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Called WEHOville.com, the site claims to be “the definitive source of news and information about the people and life of California's most creative city.”
The creators of the site hope to launch in late September.
The site says its mission is “to foster an informed and engaged community in West Hollywood, a city we love for its style, its culture, its diversity, and its wackiness.”
The person behind the site, Henry Scott, is brand new to the city, having moved to West Hollywood from the East coast in October, 2011.
Shortly upon arriving in the Creative City, in January of 2012, he made an offer to buy one-half of WeHo News.
According to publisher Ryan Gierach, a firm verbal agreement to recapitalize WeHo News fell through in May when Mr. Scott told him that a) he would not consider investing in a web-based news source, preferring to remain in print media, b) his own projects prevented him from committing sufficient time and energy to publishing a media outlet c) that WeHo News’ reporting failed to meet his own editorial standards and d) if he were to take on WeHo News, he would not only want a majority position, he would push founding publisher and editor Mr. Gierach out to take a 100 percent ownership position while "possibly" offering him employment as an editor.
Mr. Gierach, however, has documentary evidence that showed Mr. Scott had indeed been working on a business plan and seeking investors for the firm, even agreeing to make updates on the site if needed during Mr. Gierach's hiatus in February through April.
Ryan Gierach, WeHo News founding publisher/editor, write the history of the city of West Hollywood, the only such history yet published. Follow this link to obtain a copy.
Mr. Scott responded to Mr. Gierach's factual presentation of his work history and his editor's city of residence (see below) in a highly unusual way for a journalist, saying, "Let's not get hung up on facts."
Regardless of whether or not WeHoville.com will "get hung up on facts," the publication promises it will define the news and information for Wehoans - from outside the city.
Not yet even launched, the site's Facebook page claims that WEHOville.com is already "The best, and only truly local and professional, website devoted to covering California's most creative, progressive and entertaining community." (emphasis ours)
All of the new hires hail from LA, for Mr. Scott has hired exclusively outsiders to write the stories of the "city we love."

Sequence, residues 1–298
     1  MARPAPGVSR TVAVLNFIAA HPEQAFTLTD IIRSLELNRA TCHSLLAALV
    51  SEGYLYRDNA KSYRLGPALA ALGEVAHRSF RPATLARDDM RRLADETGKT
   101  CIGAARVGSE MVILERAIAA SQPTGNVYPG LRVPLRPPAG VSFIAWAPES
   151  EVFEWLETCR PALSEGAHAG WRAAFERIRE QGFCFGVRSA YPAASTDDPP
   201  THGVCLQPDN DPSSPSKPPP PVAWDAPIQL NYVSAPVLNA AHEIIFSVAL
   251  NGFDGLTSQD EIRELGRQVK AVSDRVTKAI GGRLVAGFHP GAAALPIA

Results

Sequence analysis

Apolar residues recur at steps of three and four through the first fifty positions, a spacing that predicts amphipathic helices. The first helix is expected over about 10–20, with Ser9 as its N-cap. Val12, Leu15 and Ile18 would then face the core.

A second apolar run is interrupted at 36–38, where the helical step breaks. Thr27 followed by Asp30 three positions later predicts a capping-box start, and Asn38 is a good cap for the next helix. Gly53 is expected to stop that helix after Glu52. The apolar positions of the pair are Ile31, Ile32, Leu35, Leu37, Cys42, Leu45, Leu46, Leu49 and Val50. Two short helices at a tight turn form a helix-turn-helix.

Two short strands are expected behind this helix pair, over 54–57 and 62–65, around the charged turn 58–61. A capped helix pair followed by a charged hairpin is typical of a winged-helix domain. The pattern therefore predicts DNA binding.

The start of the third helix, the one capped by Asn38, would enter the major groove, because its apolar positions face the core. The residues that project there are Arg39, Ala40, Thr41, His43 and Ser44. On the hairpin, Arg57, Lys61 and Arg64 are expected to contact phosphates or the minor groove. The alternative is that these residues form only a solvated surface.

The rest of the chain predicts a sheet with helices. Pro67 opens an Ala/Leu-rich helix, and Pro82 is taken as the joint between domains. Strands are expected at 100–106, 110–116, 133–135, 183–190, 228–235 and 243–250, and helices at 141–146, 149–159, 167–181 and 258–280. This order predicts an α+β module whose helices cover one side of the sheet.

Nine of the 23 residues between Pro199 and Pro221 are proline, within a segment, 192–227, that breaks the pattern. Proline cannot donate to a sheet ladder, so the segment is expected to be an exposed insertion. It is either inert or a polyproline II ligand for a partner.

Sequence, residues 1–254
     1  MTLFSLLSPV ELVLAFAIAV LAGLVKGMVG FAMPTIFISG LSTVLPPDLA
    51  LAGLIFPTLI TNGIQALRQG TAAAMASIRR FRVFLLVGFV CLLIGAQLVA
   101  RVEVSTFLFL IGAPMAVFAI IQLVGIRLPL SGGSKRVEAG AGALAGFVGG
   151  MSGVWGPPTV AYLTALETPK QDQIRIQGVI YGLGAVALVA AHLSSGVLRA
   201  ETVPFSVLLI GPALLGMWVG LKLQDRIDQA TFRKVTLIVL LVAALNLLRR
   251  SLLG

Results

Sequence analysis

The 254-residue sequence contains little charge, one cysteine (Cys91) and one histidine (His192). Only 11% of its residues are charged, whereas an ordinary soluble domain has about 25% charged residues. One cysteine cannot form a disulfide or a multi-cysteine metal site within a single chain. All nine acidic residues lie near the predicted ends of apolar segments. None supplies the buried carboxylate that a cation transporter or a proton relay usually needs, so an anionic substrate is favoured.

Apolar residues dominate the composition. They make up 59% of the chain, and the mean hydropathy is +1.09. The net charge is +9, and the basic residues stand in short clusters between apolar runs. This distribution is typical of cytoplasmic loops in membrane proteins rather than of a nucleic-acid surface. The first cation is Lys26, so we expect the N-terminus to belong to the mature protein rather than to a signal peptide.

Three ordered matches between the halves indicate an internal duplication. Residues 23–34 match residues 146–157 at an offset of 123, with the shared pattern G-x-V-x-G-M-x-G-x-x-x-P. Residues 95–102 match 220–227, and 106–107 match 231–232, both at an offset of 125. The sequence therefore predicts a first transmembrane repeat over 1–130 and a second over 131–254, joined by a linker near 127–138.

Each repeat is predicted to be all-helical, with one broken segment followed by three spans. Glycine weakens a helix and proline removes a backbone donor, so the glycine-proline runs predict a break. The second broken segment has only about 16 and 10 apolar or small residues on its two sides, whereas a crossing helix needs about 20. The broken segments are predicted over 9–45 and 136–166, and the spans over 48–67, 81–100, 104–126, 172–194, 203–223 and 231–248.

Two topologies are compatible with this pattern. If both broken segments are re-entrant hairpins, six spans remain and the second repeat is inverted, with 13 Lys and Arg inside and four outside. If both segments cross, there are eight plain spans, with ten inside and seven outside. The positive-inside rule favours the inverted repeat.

Giving lie to their claim of being the only truly local news, lifestyle and information publication in town is the fact that WeHo News is wholly community-generated.
The exceptions are people like US Congress member Adam Schiff, or now-LA resident, former candidate for Assembly Torie Osborn and LA City Council member Paul Koretz, who once resided in West Hollywood when he served as a council and state assembly member.
According to sources, freelancer and Echo Park resident Hillel Aron will provide WEHOville.com with freelance editorial services.
An announcement on the firm’s Facebook page yesterday said that Los Angelino Daniela Ruelas will be the company’s first Director of Marketing and Advertising.
Mr. Scott has a past in media, mostly consulting, that spans over 20 years.
Dan Watson, of Pasadena (or Studio City, depending on when you look at his Facebook page), will edit the new WeHo publication. From Mr. Watson's Facebook page.
According to LinkedIn, he has for four years been, “managing director of the interMediator group, a consortium of media professionals who provide services including strategy, product development, sales training, interim and turnaround management, strategic communications, and executive recruiting. Scott also is CEO of Gansevoort Target Media, which prepares special reports for its sponsor clients for distribution through various media.”
He has held a seven or eight positions of employment in media over the past 18 years – none of them for longer than five years (excluding investment and ownership stakes).
Mr. Scott's average time in a position of employment was a little over 2.5 years.
After that, he bounced around as publisher for a variety of monthlies and weeklies in addition to operating a pair of his own publishing/media houses.
One area of experience that he can bring to bear in WeHo that may give his venture a chance at success in West Hollywood is his ability to find financing.
From 2000 through 2009, Mr. Scott was an investor in and member of Plum Capital, a media venture fund, a history that ought to provide him access to ready capital to function while the site builds readership.
AOL's Patch experiment is failing, causing a re-thinking of the site and a withdrawal from news coverage in favor of listings and commercial directories.
Ad Age writes, “In an interview after the earnings call, Mr. Armstrong expanded on these thoughts, saying that the new Patch, to be unveiled later this year, ‘is really about unlocking the vitality in towns...groups, commerce, and the social aspects of towns for a much deeper, richer engagement level.’”
Each of the 850-odd AOL Patch sites cost in excess of $150,000 to begin, with costs of over $100,000 to staff and operate.